I've now only been to Ithaca twice, but I think of the Shortstop Deli as an institution—required eating. So I'm shocked when I meet people that have lived or studied in Ithaca that have never heard of or had a hot truck. It will be the question I raise before asking what they studied, or commenting on the stunning gorges: Isn't hot truck the best?! And the fact that I have gotten more than one baffled look in reply means that clearly it needs more coverage.
For those of you who have never visited Ithaca, or those that went and failed at eating, there is Hot Truck and there is the Shortstop Deli, both of which sell hot truck. Confusing, I know. Lucky for me, Adam has already done the heavy lifting in the explaining department. Check out his review of the mobile vending end of this French bread pizza operation. (The Cliff's Notes version is that the food truck, called Hot Truck, has been feeding drunk kids pizza subs, also dubbed hot truck, since 1960. The man behind it pioneered the French bread pizzas that Stouffer's copied. PS: Adam ordered the SUI (suicide) because he's crazy like that.)
I have never had the full Hot Truck experience. I have tried, but you really do have to wait until the sun sets on the Cornell campus before you can shiver in line among collegiate carousers to get one. And that is why the good people of Ithaca have the Shortstop Deli. This is a sober-headed town that recognizes the need for 24/7 access 365 days a year to French bread pizza. (That and the original owner, Bob Pertillose, sold the truck to the owner of the Shortstop when he retired.)
The "deli" is more convenience store than sandwich shop—meaning the closest thing to seating are the bricked benches along the windows. So as not to get all swept up in the Zapp's potato chips and energy drinks, head to the left upon entering. At the end of the sandwich counter you will pick up a form and a pencil, mark in your order, hand one copy to the nice person that will be assembling your pizza sub, and then head to the register with the duplicate copy to get rung up. Know that any size fountain drink is only 9¢ with a hot truck (and it doesn't matter if you get a single or a double), so when you're asked if you want one, just say yes. By the time you've filled your cup, you'll be back in time to catch your sauced, cheesed, and topped bread entering into the conveyor belt style, maxi-sized toaster oven. And when it comes out...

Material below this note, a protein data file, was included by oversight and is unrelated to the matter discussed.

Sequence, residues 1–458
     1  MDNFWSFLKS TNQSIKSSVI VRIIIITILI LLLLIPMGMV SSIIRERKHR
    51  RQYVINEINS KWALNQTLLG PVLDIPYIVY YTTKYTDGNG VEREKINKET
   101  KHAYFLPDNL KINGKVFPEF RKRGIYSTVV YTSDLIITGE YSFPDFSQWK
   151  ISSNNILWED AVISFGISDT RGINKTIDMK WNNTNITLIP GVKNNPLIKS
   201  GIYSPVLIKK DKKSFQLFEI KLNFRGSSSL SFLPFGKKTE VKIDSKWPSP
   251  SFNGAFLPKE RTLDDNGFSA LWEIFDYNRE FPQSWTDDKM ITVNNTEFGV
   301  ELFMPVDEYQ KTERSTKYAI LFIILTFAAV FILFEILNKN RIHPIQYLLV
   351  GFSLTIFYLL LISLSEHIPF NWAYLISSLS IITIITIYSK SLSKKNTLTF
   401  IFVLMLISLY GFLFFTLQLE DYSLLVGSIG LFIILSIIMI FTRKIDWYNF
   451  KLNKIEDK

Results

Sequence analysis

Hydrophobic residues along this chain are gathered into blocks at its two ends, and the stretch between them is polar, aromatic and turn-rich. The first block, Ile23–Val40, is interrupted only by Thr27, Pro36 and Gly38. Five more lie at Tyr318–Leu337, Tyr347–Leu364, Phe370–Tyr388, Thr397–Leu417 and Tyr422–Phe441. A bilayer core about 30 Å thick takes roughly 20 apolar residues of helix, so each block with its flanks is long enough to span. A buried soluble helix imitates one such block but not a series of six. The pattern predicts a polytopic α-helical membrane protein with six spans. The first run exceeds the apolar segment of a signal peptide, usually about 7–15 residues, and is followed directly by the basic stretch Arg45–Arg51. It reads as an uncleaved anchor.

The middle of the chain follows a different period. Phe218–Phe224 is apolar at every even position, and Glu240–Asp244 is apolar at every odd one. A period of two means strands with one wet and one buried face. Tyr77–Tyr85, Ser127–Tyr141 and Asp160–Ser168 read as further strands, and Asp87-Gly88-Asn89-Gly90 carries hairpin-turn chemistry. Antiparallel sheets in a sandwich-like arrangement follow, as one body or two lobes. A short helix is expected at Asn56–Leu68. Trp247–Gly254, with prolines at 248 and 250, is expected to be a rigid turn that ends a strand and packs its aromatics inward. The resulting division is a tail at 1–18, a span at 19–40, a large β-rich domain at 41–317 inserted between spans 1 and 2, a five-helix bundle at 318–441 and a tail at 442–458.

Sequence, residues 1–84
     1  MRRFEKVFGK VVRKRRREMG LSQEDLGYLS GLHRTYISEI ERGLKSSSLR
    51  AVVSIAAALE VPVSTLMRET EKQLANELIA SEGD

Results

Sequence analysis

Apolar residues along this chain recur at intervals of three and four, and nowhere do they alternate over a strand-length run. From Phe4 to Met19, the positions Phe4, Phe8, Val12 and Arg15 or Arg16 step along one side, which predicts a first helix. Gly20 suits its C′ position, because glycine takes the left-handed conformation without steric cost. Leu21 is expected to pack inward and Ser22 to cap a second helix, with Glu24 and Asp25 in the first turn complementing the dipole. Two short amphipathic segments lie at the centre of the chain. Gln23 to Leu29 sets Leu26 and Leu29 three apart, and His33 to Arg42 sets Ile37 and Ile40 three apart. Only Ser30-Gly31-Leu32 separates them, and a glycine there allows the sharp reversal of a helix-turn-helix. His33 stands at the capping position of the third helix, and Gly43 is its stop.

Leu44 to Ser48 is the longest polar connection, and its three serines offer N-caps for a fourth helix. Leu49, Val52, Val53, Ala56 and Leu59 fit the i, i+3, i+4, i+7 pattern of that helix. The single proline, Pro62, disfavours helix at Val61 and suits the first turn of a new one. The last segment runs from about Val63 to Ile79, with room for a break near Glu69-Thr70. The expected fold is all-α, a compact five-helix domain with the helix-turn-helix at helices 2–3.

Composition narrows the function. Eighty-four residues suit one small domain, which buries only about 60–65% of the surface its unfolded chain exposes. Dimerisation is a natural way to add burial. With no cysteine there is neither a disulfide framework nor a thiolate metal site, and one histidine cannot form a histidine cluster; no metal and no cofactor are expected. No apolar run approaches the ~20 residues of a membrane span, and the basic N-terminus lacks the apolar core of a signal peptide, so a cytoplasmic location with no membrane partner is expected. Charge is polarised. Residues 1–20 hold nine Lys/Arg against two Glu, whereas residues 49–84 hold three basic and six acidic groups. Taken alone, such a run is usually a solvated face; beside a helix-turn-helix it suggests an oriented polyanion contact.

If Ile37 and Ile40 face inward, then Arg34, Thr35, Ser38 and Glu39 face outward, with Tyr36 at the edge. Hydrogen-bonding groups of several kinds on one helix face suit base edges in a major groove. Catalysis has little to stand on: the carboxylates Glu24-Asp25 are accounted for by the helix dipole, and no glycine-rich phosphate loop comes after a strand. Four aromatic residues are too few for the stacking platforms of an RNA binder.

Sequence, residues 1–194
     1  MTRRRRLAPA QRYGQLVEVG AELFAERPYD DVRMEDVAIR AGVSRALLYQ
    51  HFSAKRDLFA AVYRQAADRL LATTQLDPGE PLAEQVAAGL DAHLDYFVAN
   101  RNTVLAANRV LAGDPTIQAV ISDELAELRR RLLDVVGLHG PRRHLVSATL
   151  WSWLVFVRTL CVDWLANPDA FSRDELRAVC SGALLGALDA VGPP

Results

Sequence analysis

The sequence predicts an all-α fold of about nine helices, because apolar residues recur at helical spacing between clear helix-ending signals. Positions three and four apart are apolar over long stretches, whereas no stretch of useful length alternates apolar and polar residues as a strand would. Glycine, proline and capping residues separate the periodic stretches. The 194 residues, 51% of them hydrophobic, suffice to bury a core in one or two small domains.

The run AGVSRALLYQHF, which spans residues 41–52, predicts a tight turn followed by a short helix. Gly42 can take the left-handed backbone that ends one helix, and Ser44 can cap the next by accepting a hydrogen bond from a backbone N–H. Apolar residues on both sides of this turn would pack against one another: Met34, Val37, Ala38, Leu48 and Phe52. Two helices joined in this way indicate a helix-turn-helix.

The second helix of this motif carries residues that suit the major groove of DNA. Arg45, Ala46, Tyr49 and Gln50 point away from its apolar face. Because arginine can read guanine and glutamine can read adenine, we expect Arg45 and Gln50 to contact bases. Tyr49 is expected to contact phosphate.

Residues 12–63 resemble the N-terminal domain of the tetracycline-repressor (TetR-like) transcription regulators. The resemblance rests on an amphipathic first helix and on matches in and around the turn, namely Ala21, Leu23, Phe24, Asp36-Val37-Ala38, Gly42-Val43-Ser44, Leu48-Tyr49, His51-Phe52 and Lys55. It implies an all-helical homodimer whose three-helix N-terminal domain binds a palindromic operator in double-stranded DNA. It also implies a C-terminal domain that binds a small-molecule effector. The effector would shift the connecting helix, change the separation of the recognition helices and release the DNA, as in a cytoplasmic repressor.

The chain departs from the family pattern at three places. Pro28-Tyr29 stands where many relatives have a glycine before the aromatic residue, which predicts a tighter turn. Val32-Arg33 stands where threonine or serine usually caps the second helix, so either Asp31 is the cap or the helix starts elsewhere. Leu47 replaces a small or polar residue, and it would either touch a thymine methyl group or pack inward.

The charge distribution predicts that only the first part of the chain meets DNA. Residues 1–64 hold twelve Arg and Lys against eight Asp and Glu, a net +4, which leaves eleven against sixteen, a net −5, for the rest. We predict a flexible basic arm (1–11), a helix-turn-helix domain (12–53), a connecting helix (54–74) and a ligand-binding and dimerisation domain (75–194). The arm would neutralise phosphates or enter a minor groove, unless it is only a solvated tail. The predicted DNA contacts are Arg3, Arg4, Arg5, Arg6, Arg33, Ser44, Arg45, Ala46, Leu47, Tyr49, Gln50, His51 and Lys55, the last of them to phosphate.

Ta da, HOT TRUCK!
This here is the single PMP (Hot Truck abreve for Poor Man's Pizza). The bread they use comes from Ithaca Bakery and once toasted, is the perfect combination of crusty, crunchy on the outside and soft on the inside. You have to open this butterflied baby up like the pages of a book to get a real read on what is going. Just look at that nicely mottled cheese...
The smattering of herb-heavy sauce gets soaked up by the fluffy interior of the French loaf. Because of the soakage, I would have liked a little extra sauce on this bad Larry. Also, I ate this sandwich-style instead of open-faced, meaning I was doubled up on cheese, which seemed to disproportionately mute the sauce. I remember my first Hot Truck experience as more revelatory, more where-have-you been-all-my life?! This particular sandwich didn't strike the same chord. Maybe it was for want of sauce, or maybe that only happens the first time. But it still rocked.
What rocked even more was the MBC (meatball with cheese). It's the same deal as the PMC but with tender, crispy crusted Swedish-sized meatballs added. They are neither too herby or too garlicky and they have just the right amount of salt. Even though there was a single-sized PMC ahead of this one, my only regret was not making the MBC a double.
If you are anywhere in the vicinity of Ithaca, make a point of getting to the Shortstop Deli. If you went to school in Ithaca and managed not to eat one of these (WHY?!), now you know your first stop reunion weekend.